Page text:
By Attorney Robert A. McLaughlin
As part of a long-standing tradition known as New Year's resolutions, people frequently consider the past year and create goals for the one to come. Here are some changes and initiatives I'd like to see the California Workers' Compensation system take in 2023.
Permanent Disability weekly rates based on real-life wages.
Permanent Disability (PD) was based on the concept it would be equal to two-thirds of an Injured Workers' average weekly wage. This has been the concept for PD since workers' compensation was first enacted In California in 1913.
However, unless you are 100% disabled (and very, very few are), your maximum PD rate is $290 a week for injuries on or after January 1, 2013. Using the two-thirds legal percentage, this means the State of California believes the average weekly wage of an Injured Worker is $435 a week.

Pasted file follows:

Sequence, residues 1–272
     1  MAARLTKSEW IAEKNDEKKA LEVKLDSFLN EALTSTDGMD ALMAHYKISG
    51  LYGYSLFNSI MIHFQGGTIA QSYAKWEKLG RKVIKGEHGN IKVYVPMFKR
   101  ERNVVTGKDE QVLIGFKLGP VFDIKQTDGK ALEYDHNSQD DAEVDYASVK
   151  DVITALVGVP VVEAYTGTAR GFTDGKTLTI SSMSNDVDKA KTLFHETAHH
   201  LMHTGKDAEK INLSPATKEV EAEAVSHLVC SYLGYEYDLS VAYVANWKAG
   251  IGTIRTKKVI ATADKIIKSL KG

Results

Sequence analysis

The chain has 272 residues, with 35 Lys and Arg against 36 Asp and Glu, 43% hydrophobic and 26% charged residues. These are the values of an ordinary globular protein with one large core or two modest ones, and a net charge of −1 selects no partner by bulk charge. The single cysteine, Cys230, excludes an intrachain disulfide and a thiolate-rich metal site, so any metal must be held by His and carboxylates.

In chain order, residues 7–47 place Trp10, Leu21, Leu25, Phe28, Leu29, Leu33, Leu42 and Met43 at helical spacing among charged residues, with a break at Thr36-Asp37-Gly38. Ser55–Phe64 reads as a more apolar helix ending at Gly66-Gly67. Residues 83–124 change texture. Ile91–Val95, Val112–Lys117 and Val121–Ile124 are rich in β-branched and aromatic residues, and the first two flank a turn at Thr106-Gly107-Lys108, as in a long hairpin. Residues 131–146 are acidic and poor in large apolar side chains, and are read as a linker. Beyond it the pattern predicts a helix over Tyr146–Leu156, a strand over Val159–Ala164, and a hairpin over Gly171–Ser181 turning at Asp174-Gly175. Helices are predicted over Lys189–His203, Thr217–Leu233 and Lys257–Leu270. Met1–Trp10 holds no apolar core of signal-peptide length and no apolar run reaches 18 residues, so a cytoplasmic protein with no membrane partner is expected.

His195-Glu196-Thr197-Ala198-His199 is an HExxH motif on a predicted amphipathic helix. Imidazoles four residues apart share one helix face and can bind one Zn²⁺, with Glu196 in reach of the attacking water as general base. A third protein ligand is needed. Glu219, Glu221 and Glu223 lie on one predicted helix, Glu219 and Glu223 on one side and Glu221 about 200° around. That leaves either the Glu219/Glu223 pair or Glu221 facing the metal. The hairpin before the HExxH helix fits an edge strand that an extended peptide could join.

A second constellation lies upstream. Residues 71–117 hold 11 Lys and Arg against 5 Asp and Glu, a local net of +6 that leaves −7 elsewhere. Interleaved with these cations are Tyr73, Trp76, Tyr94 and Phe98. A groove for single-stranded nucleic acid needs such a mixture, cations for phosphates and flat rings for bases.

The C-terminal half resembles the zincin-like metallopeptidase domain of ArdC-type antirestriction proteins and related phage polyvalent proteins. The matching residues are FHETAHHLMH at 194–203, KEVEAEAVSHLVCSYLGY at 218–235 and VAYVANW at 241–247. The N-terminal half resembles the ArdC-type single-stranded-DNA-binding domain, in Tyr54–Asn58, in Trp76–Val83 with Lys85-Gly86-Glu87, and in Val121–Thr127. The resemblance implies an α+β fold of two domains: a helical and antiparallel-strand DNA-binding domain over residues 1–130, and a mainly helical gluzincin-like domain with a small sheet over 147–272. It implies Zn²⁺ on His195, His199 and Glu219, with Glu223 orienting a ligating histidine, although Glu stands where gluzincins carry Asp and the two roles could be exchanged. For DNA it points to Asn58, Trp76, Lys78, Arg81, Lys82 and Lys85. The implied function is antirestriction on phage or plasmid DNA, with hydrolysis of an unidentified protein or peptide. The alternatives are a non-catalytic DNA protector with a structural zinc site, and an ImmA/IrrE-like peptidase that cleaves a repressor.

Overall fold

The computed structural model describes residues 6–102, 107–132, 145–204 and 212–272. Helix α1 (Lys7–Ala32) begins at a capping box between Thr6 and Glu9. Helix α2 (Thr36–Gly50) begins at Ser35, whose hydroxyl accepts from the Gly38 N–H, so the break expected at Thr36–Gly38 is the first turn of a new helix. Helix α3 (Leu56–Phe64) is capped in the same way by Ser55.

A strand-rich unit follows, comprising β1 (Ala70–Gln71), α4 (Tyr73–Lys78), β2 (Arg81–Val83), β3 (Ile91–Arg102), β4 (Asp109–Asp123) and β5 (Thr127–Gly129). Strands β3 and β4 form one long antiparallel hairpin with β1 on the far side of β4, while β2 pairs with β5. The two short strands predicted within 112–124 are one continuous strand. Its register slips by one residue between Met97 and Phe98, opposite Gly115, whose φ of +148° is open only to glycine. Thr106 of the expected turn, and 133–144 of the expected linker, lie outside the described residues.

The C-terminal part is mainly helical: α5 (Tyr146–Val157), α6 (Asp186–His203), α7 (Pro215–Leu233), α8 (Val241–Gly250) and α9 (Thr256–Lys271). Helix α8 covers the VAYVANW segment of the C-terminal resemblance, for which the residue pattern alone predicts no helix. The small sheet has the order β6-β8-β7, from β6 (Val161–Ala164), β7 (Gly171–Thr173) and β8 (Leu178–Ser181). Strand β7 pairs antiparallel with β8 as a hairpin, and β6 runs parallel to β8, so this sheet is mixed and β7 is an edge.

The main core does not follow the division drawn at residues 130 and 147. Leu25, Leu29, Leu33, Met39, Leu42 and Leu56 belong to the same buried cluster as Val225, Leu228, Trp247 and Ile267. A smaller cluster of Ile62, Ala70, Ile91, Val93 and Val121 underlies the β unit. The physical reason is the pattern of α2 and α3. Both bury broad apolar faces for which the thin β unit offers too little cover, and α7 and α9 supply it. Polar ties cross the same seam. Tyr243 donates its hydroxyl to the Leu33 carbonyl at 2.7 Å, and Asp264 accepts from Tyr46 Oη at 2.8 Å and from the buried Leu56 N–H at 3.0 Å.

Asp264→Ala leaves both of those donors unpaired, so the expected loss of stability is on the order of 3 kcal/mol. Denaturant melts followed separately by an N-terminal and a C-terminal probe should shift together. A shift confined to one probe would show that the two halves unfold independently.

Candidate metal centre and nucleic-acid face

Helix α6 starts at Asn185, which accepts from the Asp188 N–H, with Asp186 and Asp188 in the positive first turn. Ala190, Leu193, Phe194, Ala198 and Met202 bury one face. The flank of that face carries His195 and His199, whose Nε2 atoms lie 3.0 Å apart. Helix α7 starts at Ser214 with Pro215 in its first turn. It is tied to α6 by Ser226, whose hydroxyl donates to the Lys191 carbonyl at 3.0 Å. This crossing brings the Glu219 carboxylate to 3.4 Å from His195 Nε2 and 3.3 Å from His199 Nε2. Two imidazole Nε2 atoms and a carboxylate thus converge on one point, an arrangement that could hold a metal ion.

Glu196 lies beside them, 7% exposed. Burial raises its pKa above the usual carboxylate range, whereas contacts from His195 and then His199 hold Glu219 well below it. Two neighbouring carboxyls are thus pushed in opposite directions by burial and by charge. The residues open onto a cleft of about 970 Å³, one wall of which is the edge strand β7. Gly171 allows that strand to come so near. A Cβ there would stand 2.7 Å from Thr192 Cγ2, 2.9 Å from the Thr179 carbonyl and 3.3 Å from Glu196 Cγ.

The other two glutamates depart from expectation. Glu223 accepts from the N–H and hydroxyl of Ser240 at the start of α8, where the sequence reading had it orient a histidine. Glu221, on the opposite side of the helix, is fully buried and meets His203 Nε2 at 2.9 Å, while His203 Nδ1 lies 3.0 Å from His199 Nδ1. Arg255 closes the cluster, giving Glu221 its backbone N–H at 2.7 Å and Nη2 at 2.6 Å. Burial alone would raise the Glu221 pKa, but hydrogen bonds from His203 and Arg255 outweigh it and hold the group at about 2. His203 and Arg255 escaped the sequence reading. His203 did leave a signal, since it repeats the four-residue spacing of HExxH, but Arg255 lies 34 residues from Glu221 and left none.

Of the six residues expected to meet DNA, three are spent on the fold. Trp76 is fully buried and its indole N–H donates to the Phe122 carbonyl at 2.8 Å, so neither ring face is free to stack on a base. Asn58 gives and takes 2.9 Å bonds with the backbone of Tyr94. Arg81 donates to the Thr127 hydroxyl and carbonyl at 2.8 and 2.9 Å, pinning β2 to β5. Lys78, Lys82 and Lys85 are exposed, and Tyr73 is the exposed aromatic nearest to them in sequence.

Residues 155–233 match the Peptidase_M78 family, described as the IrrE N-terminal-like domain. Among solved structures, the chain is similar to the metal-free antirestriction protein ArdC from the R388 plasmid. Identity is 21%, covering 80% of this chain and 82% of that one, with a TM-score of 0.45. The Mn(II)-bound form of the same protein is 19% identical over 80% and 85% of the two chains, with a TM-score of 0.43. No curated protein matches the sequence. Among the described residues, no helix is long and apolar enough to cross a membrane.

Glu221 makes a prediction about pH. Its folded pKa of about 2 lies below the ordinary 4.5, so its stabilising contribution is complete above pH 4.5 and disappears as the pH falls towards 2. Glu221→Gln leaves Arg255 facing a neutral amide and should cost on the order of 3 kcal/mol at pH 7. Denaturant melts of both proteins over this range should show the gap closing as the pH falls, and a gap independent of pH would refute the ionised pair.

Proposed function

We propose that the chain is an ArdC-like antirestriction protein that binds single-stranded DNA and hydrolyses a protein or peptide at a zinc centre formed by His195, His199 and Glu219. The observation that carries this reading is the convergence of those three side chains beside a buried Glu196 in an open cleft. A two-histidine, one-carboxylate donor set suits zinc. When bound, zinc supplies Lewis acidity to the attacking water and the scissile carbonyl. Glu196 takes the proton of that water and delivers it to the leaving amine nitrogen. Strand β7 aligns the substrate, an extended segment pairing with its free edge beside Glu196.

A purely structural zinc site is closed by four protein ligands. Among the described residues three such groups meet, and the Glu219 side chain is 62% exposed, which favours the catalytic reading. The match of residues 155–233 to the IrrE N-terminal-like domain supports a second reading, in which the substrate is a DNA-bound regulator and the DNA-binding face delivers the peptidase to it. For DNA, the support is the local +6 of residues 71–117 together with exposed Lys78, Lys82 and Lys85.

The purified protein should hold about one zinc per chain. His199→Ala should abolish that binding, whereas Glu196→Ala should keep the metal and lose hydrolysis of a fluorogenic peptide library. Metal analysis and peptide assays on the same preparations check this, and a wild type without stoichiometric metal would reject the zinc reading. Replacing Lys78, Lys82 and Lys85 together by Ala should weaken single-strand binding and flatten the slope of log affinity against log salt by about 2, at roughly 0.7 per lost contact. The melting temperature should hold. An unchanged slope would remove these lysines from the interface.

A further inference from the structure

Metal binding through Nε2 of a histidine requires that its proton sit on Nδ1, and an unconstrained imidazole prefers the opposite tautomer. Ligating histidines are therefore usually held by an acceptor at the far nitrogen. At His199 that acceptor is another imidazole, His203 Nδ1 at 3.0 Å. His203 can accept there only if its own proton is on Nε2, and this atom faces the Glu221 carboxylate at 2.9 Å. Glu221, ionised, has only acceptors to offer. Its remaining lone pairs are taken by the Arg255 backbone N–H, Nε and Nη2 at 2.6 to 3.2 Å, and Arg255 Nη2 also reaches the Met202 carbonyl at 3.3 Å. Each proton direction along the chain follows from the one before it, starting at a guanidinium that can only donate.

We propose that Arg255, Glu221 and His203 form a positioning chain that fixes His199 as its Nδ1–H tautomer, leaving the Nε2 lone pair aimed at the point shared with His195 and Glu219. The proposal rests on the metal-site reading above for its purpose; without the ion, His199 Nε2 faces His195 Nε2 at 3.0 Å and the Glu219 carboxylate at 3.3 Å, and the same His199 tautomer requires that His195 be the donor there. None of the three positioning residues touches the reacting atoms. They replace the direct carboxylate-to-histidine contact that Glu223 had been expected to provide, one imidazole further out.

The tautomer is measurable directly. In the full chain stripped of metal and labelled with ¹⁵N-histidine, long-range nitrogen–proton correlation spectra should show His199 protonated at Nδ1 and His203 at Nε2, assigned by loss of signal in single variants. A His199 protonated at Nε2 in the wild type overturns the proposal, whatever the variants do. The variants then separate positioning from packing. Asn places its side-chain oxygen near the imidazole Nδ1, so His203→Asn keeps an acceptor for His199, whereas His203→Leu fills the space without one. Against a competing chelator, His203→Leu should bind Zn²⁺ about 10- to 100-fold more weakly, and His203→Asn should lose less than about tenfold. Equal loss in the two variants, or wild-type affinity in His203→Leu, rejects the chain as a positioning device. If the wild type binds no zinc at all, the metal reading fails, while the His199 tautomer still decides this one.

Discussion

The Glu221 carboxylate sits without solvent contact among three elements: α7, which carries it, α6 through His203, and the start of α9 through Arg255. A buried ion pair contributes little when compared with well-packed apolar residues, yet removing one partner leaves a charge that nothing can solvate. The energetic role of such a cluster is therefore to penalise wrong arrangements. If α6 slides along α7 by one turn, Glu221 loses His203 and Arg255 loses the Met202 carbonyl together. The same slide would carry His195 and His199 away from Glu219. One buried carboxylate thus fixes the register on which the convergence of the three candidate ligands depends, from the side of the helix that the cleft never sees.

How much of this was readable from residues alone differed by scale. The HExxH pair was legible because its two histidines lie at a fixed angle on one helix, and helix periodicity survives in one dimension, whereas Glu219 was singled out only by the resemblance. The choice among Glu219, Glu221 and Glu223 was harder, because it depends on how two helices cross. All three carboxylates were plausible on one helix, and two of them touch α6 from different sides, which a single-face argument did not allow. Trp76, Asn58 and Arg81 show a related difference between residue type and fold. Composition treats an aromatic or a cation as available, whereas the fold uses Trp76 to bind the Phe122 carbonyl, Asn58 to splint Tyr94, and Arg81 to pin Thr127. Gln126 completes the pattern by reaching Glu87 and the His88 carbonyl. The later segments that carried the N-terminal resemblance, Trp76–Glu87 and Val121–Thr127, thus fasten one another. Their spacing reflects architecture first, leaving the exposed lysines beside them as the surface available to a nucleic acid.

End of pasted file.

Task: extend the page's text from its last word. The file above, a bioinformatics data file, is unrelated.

The minimum wage in California in 2023 is $15.50 per hour. For a 40-hour work week, this translates to $620 a week.
Based on two-thirds of the California minimum wage, the PD maximum rate should be as least $413.33 a week. Even in 2013, this was a ridiculously low number.
Who can survive in California on $413.33 a week after taxes, payment of rent, car payments, food, and general expenses?
Answer: No one.
Temporary Total Disability is adjusted every year for the increase in the state's average weekly wage. But PD is not.
Let us see the California legislators who passed this arcane and unfair law at the behest of the insurance industry try and live in California on $290, $413.33, or even $620.00 a week.